Parliamentary committee recommends reopening baby eel fishery on East Coast

Liberal MP says plan to deal with the elver fishery coming.

elver fishery

Elver harvesters fishing at night. The minister is being encouraged to reopen the fishery.

The Parliamentary Fisheries and Oceans committee says the baby eel, or elver, fishery on the East Coast be reopened and a “crisis unit” set up to deal with any violence that follows.

The committee issued its recommendations in a five-point report on Thursday that concluded, “banning legal fishing does not stop poaching.”

“Since the closure of the elver fishery, criminal activity and violence has not decreased, as evidenced by the witnesses who have come forward to the committee to detail continued violence and lawlessness in their communities, including arson, assault, and attempted murder.”

Fisheries Minister Diane Lebouthillier did not open the 2024 fishery citing concerns over conservation and the violence associated with the fishery.

Baby eels can be found in several jurisdictions – from Ontario to Newfoundland and Labrador. In Ontario and Quebec, the stock has declined 99 per cent since the 1970s.

In Nova Scotia, baby eels come up from Bermuda to live for decades – or they’re caught and shipped to China where they’re raised for food in Asian markets.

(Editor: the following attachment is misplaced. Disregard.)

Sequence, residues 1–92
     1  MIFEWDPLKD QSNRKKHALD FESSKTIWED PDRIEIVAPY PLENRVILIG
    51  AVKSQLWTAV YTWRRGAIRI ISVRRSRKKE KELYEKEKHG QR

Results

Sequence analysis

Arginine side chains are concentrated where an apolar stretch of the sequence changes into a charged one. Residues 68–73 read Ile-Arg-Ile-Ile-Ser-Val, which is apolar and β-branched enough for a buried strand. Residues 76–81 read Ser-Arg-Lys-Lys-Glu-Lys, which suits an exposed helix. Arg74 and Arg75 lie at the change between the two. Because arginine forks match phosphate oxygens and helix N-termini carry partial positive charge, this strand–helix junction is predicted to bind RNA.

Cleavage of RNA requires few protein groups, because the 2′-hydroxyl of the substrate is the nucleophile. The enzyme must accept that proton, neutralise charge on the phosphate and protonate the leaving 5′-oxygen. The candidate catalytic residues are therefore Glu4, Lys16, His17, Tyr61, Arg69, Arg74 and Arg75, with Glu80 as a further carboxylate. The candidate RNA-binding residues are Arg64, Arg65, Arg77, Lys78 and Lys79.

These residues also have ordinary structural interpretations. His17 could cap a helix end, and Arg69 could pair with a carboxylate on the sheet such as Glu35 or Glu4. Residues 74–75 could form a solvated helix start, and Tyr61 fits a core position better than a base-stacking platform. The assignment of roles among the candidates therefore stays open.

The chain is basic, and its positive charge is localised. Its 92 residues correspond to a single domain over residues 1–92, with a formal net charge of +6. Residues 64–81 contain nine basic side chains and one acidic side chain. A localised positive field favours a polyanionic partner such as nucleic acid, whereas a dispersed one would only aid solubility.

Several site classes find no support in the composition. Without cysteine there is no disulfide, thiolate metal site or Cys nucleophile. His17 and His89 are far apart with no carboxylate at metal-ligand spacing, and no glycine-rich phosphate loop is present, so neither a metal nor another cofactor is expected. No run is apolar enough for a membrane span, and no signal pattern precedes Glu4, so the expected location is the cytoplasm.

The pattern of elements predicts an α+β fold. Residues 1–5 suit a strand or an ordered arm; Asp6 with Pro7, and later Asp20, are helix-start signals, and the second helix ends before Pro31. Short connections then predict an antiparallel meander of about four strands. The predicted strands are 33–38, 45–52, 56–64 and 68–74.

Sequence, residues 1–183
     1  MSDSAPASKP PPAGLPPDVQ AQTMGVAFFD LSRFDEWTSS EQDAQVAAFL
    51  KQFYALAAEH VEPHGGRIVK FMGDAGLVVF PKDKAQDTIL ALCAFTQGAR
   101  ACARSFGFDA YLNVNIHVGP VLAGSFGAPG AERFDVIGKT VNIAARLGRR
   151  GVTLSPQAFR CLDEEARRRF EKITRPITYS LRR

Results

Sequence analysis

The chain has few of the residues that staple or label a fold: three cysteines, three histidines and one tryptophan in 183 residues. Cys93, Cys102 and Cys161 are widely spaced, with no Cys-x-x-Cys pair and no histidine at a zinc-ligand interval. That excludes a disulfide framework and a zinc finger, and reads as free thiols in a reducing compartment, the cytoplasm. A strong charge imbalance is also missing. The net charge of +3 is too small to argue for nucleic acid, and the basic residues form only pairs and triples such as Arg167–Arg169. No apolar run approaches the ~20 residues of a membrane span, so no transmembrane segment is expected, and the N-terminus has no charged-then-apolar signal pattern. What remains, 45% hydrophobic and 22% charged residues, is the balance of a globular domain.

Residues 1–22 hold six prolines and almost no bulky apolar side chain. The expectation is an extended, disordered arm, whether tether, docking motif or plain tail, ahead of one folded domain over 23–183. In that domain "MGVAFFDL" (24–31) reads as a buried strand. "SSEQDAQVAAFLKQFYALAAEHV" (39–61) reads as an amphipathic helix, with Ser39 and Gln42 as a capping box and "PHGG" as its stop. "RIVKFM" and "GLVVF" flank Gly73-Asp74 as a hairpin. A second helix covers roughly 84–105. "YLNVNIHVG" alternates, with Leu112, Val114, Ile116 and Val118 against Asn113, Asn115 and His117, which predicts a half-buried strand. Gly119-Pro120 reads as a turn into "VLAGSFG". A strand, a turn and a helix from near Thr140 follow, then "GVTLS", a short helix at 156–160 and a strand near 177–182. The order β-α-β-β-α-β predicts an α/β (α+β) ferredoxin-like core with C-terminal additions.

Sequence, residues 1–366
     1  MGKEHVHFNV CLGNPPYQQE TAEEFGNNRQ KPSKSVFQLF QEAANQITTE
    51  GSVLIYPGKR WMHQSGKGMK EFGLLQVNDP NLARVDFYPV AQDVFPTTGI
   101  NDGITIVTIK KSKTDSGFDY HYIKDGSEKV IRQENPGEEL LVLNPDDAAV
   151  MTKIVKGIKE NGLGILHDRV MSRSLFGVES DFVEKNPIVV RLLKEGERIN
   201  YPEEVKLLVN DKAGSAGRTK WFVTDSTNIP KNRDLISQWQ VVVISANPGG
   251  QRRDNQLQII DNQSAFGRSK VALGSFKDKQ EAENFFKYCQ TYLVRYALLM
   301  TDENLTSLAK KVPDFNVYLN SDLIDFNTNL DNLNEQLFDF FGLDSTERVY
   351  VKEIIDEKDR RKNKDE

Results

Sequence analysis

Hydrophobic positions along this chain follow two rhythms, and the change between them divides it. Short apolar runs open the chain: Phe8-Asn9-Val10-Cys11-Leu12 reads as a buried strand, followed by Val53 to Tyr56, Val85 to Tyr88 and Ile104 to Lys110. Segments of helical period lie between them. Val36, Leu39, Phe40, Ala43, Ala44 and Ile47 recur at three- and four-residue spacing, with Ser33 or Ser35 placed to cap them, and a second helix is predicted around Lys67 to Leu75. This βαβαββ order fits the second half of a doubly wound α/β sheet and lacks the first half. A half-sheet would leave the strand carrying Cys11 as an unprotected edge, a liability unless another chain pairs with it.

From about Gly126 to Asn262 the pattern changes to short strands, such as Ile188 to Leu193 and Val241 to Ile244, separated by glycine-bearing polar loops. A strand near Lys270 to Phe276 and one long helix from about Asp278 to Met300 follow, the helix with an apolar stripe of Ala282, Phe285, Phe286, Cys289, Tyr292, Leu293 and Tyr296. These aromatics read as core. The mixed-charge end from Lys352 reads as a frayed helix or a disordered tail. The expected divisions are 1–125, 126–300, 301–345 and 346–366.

The baby eel is listed as a “special concern” by COWESIC, the Committee on the Status of Endangered Wildlife in Canada – a designation that is nearly 20 years old.

Some Mi’kmaq fishers have defied the closure and continued to harvest elvers, which look like transparent worms, saying the fishery is part of their treaty right.

It’s also lucrative. A kilogram of elvers can fetch up to $5,000 per kilogram. In the past year, several Mi’kmaq and non-Indigenous fishers have been arrested. There have been acts of violence on the water as well.

“As part of a reopening, a crisis unit be set up beforehand made up of the various intervention units concerned, border agency, coast guard, public security agency, scientific representation and legal fishermen, to act not only in observation and surveillance but also to act in protection and intervention in the event of force majeure to promote a resumption of fishing that is adequate, egalitarian and ensuring increased safety,” the fishery committee recommends.

Senator still waiting for news on ‘third party’ investigation 

Mi’kmaw Sen. Paul PJ Prosper (Nova Scotia) says he’s still waiting to hear details from a third-party independent review of the actions of two fisheries officers who abandoned a pair of Mi’kmaq fishers after taking their shoes and phones.

On the evening of March 26, Hartling and Blaise Sylliboy of Eskasoni First Nation defied the elver closure and went out fishing. They were arrested and said fisheries officers drove them to a gas station in Shelburne, N.S., took their boots and cell phones and left them in their socks with no way to contact anyone.